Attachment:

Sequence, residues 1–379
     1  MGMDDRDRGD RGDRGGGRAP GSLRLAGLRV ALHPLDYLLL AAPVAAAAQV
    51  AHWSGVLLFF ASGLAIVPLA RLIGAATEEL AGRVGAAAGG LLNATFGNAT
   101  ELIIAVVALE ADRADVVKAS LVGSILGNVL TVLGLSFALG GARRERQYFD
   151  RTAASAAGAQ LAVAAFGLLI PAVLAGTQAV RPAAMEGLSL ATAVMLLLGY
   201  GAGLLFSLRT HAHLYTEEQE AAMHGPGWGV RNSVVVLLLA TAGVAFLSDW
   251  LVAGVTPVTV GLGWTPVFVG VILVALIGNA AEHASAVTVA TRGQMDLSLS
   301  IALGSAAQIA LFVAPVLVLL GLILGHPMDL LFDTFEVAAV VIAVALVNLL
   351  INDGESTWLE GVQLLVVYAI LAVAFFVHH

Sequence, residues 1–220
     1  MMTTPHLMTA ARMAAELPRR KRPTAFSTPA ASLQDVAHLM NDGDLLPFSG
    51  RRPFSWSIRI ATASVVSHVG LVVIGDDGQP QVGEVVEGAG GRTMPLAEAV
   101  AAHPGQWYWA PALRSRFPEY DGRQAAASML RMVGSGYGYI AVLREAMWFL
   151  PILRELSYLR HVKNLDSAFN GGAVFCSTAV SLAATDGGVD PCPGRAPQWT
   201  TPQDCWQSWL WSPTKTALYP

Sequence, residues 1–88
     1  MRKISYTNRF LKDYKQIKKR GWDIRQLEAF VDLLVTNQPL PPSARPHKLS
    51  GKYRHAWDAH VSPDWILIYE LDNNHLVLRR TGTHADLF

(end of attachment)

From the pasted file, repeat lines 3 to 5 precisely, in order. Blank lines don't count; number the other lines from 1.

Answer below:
    51  AHWSGVLLFF ASGLAIVPLA RLIGAATEEL AGRVGAAAGG LLNATFGNAT
   101  ELIIAVVALE ADRADVVKAS LVGSILGNVL TVLGLSFALG GARRERQYFD
   151  RTAASAAGAQ LAVAAFGLLI PAVLAGTQAV RPAAMEGLSL ATAVMLLLGY